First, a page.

TORONTO (Reuters) - Toronto’s main stock index jumped more than 4 percent on Wednesday in its biggest single-day gain in more than two years, pushed up by an agreement by global central banks to tackle the euro-zone debt crisis and by a move by China to ease credit.
The move by the TSX index mirrored hefty gains on other global markets as central banks from the world’s leading economies, including the Bank of Canada, the U.S. Federal Reserve and the European Central Bank, agreed to lower the cost of dollar swap lines by 50 basis points, as well other measures.
“Santa has come early and he happens to look a lot like (Fed Chairman) Ben Bernanke, right down to the beard, and in his bag he has lots and lots of U.S. dollars available to exchange for euros in unlimited amounts,” said Gavin Graham, president of Graham Investment Strategy.
Commodity prices, particularly for oil, gold and base metals, rose on renewed investor optimism for the global economy, lifting the TSX’s heavily weighted materials sector 6 percent.
The gains came as bullion prices climbed more than 2 percent in response to a falling U.S. dollar as central banks moved to inject more liquidity into the global financial system.
Miner Goldcorp rose 7.2 percent to C$54.95 and Barrick Gold was up 5 percent at C$54.05, to lead gains.
The Toronto Stock Exchange’s S&P/TSX composite index closed up 471.61 points, or 4 percent, at 12,204.11. It was the TSX’s biggest single-day gain since March 23, 2009 when the market finished up more than 5 percent.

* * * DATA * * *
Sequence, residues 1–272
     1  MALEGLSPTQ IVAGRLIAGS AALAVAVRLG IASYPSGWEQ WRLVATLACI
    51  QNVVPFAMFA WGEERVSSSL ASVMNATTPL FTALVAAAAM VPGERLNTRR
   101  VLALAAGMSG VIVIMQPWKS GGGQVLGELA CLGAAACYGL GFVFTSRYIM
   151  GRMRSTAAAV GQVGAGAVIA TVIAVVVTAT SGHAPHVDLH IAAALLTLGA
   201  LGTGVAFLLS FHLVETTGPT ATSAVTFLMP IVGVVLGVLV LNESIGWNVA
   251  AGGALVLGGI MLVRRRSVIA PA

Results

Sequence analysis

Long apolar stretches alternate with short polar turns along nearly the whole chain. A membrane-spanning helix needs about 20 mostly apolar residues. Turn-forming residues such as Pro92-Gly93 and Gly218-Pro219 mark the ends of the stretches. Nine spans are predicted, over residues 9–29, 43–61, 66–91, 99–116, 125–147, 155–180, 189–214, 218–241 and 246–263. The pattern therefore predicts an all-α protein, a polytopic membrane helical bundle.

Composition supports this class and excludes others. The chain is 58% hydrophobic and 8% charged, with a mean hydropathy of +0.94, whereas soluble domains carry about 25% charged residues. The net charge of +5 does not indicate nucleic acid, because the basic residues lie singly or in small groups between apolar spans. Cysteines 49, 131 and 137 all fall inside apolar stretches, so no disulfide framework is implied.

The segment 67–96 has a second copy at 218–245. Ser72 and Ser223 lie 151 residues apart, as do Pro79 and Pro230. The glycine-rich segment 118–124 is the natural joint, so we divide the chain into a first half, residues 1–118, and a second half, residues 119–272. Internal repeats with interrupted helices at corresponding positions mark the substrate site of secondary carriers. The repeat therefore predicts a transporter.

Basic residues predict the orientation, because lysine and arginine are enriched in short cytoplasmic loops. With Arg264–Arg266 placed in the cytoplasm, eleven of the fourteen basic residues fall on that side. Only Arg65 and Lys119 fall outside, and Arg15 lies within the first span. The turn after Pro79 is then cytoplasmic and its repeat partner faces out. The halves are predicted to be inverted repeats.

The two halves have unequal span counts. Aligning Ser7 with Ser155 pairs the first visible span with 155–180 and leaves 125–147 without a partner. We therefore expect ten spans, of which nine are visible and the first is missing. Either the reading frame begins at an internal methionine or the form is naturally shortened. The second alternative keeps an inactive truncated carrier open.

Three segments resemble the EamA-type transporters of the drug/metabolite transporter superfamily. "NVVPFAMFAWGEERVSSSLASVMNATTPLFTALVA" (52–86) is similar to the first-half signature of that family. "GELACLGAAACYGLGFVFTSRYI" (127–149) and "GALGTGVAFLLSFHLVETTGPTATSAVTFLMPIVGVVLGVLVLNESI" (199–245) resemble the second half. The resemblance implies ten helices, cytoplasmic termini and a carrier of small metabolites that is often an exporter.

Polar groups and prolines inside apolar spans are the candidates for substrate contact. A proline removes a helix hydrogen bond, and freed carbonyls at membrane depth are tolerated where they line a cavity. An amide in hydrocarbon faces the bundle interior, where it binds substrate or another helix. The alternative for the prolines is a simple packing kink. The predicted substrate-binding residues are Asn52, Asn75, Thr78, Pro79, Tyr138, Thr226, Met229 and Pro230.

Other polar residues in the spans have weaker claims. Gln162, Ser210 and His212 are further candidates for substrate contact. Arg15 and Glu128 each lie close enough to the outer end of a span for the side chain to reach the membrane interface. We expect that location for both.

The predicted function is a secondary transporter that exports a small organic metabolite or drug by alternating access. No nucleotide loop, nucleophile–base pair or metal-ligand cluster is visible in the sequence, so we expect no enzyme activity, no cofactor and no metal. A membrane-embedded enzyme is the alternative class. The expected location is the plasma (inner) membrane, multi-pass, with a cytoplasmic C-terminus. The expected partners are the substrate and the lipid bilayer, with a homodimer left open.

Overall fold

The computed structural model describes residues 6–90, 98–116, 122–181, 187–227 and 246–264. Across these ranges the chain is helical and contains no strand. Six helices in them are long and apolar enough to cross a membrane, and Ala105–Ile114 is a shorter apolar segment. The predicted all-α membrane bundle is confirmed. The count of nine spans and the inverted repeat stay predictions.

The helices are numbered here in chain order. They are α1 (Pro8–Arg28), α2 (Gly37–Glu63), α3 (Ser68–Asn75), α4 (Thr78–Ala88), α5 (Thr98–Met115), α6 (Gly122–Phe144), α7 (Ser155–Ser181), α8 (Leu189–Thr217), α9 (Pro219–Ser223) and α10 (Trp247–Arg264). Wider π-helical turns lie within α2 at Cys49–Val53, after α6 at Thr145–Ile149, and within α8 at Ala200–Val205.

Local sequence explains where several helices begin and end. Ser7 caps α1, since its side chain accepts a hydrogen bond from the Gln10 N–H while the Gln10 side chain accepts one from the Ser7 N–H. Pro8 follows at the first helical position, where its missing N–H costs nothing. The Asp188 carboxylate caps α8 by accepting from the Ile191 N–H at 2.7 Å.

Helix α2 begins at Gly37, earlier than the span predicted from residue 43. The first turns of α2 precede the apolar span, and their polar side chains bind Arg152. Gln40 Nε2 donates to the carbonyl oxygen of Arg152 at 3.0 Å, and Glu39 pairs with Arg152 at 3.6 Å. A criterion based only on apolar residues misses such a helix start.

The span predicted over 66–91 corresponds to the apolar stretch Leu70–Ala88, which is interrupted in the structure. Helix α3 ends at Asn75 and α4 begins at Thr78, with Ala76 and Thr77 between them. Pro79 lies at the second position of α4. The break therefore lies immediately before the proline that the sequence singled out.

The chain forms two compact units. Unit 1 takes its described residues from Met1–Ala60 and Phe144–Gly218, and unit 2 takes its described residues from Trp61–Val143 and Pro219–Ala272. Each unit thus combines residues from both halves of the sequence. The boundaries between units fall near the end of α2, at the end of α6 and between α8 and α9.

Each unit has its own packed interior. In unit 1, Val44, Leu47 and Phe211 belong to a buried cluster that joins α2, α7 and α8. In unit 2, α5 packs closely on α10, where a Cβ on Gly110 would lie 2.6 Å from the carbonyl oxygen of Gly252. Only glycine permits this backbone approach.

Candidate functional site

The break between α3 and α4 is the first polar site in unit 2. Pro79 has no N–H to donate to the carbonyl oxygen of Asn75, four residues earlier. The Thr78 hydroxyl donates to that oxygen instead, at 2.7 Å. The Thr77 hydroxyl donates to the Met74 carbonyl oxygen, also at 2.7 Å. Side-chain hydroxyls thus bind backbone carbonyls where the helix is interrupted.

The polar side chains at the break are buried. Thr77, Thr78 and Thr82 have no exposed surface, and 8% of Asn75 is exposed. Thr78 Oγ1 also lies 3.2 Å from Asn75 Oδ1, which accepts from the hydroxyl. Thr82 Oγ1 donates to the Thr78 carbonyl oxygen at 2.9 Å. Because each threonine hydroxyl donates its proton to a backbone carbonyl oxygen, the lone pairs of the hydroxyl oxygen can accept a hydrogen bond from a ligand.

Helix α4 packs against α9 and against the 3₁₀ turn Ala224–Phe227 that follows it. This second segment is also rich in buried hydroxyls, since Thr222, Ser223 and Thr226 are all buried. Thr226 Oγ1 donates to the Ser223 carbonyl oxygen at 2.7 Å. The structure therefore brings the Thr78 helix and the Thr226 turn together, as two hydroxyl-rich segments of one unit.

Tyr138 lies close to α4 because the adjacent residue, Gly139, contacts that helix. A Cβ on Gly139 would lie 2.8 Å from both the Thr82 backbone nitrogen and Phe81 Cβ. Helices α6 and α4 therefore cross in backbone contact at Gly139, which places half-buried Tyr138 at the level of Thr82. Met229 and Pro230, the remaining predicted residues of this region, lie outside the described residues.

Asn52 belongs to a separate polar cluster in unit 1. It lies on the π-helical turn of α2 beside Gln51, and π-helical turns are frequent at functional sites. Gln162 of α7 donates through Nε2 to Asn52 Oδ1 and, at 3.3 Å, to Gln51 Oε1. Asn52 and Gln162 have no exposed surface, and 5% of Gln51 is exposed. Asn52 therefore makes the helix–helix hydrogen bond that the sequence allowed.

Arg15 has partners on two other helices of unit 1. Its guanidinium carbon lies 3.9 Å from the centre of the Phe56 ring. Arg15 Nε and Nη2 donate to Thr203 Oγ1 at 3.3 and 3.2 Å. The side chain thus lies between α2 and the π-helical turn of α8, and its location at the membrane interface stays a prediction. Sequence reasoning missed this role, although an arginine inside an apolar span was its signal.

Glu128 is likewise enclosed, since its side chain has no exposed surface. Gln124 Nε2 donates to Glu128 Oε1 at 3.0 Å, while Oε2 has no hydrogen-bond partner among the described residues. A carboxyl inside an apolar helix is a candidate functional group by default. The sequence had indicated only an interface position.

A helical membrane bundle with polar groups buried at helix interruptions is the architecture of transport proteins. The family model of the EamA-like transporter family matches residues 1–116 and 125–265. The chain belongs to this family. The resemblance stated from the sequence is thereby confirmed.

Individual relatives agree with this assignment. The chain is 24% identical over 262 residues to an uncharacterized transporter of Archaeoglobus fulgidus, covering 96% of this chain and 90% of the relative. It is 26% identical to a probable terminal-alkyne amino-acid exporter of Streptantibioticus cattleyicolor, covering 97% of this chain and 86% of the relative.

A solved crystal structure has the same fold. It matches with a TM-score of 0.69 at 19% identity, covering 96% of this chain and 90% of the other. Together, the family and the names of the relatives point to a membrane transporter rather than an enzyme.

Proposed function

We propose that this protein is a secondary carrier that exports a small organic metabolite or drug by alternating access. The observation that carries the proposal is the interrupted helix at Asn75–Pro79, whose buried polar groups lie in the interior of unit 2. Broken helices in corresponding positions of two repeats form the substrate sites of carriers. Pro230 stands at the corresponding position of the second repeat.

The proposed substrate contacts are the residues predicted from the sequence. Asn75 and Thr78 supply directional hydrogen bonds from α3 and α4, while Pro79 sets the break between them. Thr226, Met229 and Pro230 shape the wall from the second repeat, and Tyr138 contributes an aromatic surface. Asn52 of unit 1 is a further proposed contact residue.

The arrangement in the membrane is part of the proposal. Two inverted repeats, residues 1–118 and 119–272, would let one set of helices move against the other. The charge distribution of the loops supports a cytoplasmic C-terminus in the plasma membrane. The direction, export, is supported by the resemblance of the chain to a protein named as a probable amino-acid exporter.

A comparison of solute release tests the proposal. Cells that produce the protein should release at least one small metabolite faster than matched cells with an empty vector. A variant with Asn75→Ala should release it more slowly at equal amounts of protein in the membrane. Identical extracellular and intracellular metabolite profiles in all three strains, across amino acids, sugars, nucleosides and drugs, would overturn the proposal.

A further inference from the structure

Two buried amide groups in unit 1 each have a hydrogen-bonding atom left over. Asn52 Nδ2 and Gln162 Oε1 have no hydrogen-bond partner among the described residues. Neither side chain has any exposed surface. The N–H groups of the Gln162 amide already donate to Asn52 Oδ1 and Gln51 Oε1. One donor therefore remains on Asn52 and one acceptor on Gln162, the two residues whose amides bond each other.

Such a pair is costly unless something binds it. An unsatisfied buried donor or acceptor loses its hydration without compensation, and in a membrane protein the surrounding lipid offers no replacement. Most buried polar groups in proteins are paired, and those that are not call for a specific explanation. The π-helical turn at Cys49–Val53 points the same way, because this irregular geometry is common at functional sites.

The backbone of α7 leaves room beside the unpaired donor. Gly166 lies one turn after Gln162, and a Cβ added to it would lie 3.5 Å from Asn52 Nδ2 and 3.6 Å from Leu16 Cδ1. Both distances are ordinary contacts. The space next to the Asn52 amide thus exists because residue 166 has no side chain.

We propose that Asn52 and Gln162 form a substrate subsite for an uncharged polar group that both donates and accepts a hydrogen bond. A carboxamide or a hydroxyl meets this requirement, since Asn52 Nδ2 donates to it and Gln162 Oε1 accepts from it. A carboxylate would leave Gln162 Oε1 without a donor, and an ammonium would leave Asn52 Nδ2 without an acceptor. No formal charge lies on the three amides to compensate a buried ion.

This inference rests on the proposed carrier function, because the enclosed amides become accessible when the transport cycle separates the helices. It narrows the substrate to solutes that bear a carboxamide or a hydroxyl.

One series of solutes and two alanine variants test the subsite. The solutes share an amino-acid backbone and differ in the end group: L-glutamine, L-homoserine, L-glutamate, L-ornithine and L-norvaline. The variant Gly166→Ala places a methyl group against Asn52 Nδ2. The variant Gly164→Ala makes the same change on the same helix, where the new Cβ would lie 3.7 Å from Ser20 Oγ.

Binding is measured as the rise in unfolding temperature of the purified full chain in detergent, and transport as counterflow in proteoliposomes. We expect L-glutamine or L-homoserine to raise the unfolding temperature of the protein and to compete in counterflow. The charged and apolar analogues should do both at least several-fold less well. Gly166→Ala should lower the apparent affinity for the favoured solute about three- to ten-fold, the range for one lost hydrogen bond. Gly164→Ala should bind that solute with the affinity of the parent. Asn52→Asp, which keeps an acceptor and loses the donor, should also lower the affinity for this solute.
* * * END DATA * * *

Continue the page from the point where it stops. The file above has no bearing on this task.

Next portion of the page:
Copper rose more than 5 percent to a two-week high, helping to lift base metal miners more than 8 percent. First Quantum Minerals led the sector’s gains, leaping nearly 11 percent to C$20.60.
“All the risk assets, whether it’s gold or copper or oil or the Canadian dollar, are all shooting up and it’s likely that we’ll see a continuation of that (for the rest of the year),” Graham said.
The 19-commodity Thomson Reuters Jefferies CRB index was up more than 1 percent on the day, but was still on course to finish November with a loss after a dismal performance in the first three weeks of the month.
“Typically in a rebound as we’re now seeing, the sectors that do the worst (when markets are down) should do the best coming up,” said Pat McHugh, Canadian equity strategist at Manulife Asset Management. “This should be a good market for Canada.”
Energy issues, up 4.7 percent, and financial stocks, up nearly 4 percent, also were big contributors to the surge as rejuvenated investors pulled their money from the security of government bonds into riskier plays.
Suncor Energy jumped 5.1 percent to C$30.72 to lead energy gains. Royal Bank of Canada led financials, gaining 5 percent to C$47.26.
The global rally started early in the day when China’s central bank moved to ease credit strains by cutting reserve requirements for its commercial lenders by 50 basis points, the first such cut in nearly three years.
The Chinese policy shift and the move by central banks, strong U.S. jobs data and better than expected Canadian third-quarter economic growth all helped boost market sentiment. The U.S. figures showed the private sector added more than 200,000 jobs in November.
Canadian equities markets were “internally very oversold” over the last 10 days as worries about European debt contagion led to repeated selloffs, said Sid Mokhtari, market technician and director, institutional equity research, CIBC World Markets.
“You just needed a cause and you’ve got the catalyst this morning from China and from the coordinated effort of all the central bankers,” Mokhtari said.
The TSX might have risen higher if not for a technical glitch in the morning that froze trading of companies whose symbols started with the letters M to Z. The problem affected high-volume stocks such as Research In Motion and Sun Life Financial
In individual company news, TMX Group was down 0.7 percent at C$43.43 after the federal competition regulator said it has “serious concerns” about a C$3.8 billion proposal by the Maple Group consortium to take over TMX, owner of the Toronto Stock Exchange.
Editing by Rob Wilson and Peter Galloway